Summary

A company within the Medical Device industry contacted Polymer Solutions Incorporated (PSI) regarding a failure analysis of an acrylonitrile-butadiene-styrene (ABS) part. Microscopic evaluation was requested with the goal of determining the mode of the failure.  The client submitted one sample that had failed.

Optical Microscopy

The sample arrived with the area of interest marked by the client (Figure 1).  Prior to sample preparation, the failed part was photographed. The sample was then analyzed by optical microscopy, utilizing a Keyence VHX-5000 Microscope.  A handheld rotary tool with a clean grinding disk was used to cut into the sample and make the area of interest more accessible. While the cracks were visible to the eye they were not easily documented with the microscope. To overcome this, ink was applied to the sample, thus making the cracking more visible which is shown in Figures 2 and 3.

To determine the origin of the cracking and direction of propagation, the sample was freeze fractured in liquid nitrogen along the existing main cracks.  After freeze fracture, both sides of the cross section were imaged, and it was determined that the crack originated on the outer surface and propagated towards the interior surface.  Figures 4 and 5 show images at 50x magnification of the fracture surface, which exhibits the characteristic thumbnail patterns typically generated by Environmental Stress Cracking (ESC).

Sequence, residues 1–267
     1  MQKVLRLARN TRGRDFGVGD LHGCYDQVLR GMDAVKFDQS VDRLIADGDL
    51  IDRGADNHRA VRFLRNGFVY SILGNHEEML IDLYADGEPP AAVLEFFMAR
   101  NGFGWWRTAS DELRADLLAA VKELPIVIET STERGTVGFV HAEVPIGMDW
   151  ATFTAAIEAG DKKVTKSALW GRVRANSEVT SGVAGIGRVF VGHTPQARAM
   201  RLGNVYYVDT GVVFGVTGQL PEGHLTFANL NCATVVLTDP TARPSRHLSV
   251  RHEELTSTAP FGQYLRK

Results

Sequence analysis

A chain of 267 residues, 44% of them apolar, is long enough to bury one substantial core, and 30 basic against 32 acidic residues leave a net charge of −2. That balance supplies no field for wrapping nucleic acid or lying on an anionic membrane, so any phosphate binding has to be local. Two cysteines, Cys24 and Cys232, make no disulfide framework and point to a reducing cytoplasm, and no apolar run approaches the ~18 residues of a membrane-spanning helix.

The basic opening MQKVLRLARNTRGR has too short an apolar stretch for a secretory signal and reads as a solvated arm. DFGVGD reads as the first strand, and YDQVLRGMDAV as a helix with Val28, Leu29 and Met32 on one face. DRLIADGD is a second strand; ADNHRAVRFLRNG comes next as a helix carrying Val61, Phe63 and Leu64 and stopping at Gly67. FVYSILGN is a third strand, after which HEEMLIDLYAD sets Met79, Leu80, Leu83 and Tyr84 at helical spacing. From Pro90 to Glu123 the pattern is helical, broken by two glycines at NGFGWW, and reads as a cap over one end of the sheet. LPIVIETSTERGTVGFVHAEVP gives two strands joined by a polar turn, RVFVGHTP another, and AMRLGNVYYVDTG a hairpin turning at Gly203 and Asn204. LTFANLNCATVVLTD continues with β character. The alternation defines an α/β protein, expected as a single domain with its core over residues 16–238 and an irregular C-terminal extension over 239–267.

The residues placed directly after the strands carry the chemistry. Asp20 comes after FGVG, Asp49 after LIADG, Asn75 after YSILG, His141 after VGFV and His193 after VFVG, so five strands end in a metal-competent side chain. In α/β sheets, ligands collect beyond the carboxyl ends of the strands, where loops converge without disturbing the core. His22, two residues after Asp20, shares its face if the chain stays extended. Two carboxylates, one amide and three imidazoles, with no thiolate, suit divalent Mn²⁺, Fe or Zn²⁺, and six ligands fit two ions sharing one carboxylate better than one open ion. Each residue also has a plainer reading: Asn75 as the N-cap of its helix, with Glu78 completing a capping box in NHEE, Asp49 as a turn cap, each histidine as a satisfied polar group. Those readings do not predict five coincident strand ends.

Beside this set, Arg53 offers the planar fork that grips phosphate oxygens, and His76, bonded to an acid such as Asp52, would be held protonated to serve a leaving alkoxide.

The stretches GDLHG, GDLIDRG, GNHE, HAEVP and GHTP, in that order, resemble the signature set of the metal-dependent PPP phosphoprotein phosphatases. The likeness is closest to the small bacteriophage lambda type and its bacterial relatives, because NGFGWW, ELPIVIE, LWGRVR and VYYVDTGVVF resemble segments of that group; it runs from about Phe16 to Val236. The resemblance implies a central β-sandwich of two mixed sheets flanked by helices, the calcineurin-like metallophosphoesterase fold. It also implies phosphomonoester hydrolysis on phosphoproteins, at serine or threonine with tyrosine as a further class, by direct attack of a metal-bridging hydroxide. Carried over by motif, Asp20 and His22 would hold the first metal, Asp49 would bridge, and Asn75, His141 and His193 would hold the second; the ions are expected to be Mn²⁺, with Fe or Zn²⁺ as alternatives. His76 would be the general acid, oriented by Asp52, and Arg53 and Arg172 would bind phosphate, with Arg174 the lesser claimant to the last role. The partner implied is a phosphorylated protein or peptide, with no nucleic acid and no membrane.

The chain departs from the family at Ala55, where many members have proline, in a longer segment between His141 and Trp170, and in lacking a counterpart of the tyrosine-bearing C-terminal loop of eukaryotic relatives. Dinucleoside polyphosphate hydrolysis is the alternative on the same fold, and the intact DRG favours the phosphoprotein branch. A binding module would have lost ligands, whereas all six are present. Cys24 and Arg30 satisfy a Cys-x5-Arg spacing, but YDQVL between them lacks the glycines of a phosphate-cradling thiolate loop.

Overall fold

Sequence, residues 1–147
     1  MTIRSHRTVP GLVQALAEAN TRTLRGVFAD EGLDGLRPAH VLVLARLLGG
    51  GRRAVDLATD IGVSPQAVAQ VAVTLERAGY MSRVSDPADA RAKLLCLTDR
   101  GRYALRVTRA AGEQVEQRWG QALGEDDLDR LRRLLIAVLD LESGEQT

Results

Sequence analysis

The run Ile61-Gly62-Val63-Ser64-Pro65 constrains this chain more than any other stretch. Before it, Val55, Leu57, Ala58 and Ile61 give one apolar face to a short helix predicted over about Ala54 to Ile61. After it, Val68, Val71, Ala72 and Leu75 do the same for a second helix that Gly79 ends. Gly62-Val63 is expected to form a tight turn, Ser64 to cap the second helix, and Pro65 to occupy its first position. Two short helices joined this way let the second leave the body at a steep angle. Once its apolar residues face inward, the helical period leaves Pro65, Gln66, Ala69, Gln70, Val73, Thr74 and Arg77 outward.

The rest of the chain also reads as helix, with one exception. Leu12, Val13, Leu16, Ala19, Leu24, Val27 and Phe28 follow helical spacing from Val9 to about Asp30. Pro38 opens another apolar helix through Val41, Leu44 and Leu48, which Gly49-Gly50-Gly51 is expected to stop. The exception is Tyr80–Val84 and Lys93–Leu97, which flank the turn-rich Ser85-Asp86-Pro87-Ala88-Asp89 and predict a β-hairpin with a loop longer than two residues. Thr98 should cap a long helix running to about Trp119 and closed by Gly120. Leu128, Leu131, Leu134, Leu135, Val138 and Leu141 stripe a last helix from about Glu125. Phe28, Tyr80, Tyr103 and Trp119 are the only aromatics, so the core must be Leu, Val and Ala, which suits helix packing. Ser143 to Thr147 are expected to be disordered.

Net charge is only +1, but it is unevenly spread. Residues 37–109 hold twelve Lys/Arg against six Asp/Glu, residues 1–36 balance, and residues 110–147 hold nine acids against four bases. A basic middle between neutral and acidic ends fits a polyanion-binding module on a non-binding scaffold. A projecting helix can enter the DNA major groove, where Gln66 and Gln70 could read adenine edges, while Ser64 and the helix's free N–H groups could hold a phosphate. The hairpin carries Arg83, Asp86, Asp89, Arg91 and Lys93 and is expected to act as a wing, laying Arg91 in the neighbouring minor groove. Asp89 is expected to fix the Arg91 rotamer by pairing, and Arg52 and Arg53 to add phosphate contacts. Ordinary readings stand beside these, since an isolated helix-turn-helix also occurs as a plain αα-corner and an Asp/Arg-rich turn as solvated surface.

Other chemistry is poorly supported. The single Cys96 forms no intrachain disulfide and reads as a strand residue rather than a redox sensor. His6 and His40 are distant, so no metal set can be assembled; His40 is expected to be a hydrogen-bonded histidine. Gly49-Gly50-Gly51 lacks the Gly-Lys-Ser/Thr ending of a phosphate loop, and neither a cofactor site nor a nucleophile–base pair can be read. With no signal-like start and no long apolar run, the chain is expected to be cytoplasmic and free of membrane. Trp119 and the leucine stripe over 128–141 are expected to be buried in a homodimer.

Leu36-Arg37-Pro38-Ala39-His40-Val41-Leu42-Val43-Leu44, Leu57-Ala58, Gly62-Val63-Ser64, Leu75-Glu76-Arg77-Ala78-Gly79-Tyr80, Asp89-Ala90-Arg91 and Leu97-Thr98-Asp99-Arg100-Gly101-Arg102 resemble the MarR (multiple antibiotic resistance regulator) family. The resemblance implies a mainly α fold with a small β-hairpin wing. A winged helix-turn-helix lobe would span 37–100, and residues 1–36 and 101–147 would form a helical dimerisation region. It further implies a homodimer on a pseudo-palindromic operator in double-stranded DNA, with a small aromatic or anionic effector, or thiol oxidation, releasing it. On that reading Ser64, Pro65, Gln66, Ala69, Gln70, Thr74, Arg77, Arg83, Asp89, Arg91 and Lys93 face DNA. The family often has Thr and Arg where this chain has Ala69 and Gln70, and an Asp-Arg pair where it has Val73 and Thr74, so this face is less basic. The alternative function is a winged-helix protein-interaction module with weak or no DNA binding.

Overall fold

Figure_3.png

Scanning Electron Microscopy (SEM)


In order to gain additional information about the mode of failure, SEM was performed. The specimen, which had been previously examined using optical microscopy, was mounted on an aluminum SEM stub and sputter coated with a thin layer of gold, to prevent electrical charging.  Fractographic analysis of the fracture surface was performed, and SEM micrographs are shown in Figures 6 and 7.  Note that the exterior of the surface is located towards the top of the images.
The sample exhibited large thumbnail patterns originating from the exterior of the pipe.  The thumbnails exhibited a glassy smooth brittle failure pattern which is indicative of slow crack speed and is often associated with Environmental Stress Cracking (ESC).  The thumbnail patterns continued until the cross-section was reduced enough to fail mechanically.

 

Conclusions
Optical and scanning electron microscopic analyses revealed features consistent with environmental stress cracking of the ultrafilter.  The orientation of the features indicates the ESC originated from the exterior surface of the sample. ESC occurs when a material is weakened by a chemical agent and then physical stress is applied, resulting in a failure. Confirming this failure mode and directionality of the failure allowed our client to proceed with a systematic root-cause analysis to determine what led to the ESC of the part made from ABS material.